Dissertation/Thesis Abstract

Detecting deception using drawings
by De Cicco, Anthony, M.A., Western Illinois University, 2015, 64; 1597373
Abstract (Summary)

Detecting deception remains a difficult task. Currently, much of the detecting deception techniques rely on arousal-based interviewing, which has been deemed ineffective in determining veracity. The current study examines the possibility of using cognitive load theory, through the use of drawings, to circumvent the limitations of arousal-based interviewing. A predictive model was created from variables used in previous research, as well as new variables in attempt to strengthen previous models. Participants were asked to perform three predesignated tasks. After the three tasks were completed, participants were chosen at random to either lie about the tasks performed or to tell the truth. When the participants assumed their roles, they were asked to fill out a questionnaire which first asked the participants to recall the event through a narrative. Next participants were asked to draw a picture of the event. A comparison of means analysis revealed that drawings accurately distinguished a participant in the truthful condition from a participant in the deceptive condition.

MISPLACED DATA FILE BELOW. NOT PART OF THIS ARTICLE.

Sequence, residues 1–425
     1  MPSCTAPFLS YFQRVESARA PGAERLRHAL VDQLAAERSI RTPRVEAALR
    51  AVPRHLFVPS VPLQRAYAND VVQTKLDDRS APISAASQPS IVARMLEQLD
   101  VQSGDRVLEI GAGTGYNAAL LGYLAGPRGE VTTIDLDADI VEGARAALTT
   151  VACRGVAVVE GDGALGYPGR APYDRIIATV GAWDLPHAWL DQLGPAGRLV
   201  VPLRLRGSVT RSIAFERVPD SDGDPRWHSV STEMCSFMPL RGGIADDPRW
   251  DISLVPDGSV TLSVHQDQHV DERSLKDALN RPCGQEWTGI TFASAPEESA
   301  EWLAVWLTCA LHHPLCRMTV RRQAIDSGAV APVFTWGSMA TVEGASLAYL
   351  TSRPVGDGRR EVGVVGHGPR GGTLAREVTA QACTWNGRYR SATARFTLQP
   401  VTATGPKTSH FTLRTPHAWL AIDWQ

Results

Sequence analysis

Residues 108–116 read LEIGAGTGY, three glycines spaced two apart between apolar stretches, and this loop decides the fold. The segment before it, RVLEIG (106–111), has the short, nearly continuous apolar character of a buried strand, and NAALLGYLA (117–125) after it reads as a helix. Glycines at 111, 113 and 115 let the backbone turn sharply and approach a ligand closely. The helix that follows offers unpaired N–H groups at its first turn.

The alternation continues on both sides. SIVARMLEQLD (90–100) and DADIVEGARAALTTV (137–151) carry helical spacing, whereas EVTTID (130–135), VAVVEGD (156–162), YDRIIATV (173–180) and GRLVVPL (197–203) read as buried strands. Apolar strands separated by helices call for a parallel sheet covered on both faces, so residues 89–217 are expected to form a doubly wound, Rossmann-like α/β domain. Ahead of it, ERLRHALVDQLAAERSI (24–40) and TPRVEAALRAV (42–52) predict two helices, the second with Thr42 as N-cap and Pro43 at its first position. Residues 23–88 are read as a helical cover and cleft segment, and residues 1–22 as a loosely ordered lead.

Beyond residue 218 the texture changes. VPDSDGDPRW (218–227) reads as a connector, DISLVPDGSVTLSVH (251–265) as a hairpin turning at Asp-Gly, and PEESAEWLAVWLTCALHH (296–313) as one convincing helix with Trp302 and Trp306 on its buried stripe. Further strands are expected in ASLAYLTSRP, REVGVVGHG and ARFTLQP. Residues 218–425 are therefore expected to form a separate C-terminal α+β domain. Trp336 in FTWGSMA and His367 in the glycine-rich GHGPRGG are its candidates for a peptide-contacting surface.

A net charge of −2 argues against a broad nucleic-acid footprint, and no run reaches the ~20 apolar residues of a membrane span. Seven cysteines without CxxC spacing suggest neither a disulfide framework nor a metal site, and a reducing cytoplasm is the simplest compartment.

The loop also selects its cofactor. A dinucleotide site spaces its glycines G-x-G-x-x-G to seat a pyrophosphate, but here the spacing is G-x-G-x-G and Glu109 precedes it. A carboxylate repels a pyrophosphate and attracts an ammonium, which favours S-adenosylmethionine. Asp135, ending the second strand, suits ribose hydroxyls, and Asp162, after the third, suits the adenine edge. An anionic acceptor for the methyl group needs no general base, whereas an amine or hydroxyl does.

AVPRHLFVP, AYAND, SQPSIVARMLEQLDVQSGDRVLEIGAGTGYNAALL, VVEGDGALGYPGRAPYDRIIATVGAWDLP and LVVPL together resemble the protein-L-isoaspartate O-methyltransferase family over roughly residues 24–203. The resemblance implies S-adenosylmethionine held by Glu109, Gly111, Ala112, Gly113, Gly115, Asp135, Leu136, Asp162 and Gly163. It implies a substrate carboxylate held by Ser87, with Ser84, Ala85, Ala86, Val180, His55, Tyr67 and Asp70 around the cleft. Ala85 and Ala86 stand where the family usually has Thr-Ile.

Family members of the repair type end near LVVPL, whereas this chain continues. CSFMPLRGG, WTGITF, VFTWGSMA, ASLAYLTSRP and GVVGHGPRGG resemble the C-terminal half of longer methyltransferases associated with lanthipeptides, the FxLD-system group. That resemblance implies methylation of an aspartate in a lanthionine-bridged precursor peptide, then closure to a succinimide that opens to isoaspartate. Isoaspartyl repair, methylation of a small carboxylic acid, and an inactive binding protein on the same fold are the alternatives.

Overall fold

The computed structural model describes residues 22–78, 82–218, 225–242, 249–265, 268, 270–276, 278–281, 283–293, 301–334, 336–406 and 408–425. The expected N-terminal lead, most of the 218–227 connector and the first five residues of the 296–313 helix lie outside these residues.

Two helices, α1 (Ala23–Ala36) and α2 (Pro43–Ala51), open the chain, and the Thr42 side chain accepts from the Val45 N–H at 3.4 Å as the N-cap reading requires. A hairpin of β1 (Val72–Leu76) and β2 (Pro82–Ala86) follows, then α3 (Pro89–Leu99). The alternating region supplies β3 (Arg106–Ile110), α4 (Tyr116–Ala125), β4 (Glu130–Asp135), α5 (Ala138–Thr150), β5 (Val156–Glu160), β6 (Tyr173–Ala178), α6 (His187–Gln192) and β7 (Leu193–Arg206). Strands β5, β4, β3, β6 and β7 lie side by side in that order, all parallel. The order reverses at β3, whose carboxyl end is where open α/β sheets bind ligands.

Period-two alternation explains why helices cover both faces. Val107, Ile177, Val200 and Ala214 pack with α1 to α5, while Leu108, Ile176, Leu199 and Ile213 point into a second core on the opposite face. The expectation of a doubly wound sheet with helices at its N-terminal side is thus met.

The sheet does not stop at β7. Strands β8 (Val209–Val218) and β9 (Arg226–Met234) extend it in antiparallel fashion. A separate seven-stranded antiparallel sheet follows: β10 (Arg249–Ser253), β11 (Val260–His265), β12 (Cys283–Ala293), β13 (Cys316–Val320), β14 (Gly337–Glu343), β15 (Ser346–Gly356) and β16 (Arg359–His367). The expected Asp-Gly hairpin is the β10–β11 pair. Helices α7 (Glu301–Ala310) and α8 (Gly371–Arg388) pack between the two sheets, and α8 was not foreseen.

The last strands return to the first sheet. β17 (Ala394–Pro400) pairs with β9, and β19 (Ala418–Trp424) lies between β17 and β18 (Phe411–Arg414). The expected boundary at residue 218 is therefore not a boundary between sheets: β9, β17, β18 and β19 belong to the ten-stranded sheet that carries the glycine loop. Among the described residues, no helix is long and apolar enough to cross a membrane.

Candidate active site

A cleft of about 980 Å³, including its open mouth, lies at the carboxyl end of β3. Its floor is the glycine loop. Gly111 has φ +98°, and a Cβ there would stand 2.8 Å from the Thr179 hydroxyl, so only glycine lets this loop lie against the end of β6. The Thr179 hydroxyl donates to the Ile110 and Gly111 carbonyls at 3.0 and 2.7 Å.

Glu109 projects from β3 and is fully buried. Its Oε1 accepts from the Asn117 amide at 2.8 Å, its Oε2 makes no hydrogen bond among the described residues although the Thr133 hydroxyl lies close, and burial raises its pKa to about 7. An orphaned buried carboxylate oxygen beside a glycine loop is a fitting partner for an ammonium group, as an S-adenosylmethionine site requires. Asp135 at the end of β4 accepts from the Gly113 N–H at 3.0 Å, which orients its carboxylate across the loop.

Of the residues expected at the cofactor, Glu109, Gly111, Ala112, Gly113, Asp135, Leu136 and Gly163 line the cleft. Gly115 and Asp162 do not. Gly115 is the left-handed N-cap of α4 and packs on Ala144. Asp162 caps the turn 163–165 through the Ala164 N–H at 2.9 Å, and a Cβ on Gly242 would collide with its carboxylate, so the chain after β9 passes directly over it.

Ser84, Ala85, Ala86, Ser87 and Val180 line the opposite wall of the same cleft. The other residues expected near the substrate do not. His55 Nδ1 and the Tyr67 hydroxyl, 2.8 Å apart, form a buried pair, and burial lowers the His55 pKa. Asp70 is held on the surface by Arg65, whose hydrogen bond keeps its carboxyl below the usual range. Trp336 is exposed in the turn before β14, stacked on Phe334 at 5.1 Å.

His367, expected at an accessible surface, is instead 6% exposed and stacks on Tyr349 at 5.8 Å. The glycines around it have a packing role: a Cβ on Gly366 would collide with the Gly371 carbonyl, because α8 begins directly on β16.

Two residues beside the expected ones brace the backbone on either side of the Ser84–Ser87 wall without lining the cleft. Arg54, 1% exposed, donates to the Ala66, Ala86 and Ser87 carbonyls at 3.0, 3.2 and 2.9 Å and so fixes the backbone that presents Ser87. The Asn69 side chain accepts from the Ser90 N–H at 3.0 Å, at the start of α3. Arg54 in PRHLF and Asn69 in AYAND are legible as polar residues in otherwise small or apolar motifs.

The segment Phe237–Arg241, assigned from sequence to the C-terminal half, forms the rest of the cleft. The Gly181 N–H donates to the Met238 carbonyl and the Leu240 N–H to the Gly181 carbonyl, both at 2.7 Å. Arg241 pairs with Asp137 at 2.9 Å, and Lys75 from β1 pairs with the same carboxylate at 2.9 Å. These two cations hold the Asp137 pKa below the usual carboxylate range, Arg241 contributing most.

Indexing (document details)
Advisor: Schafer, John R.
Commitee: Dodson, Kimberly D., Meyers, Jill J.
School: Western Illinois University
Department: Law Enforcement and Justice Administration
School Location: United States -- Illinois
Source: MAI 55/01M(E), Masters Abstracts International
Subjects: Communication, Criminology, Cognitive psychology
Keywords: Cognitive load, Deception, Detecting, Drawing, Lying
Publication Number: 1597373
ISBN: 9781339001685
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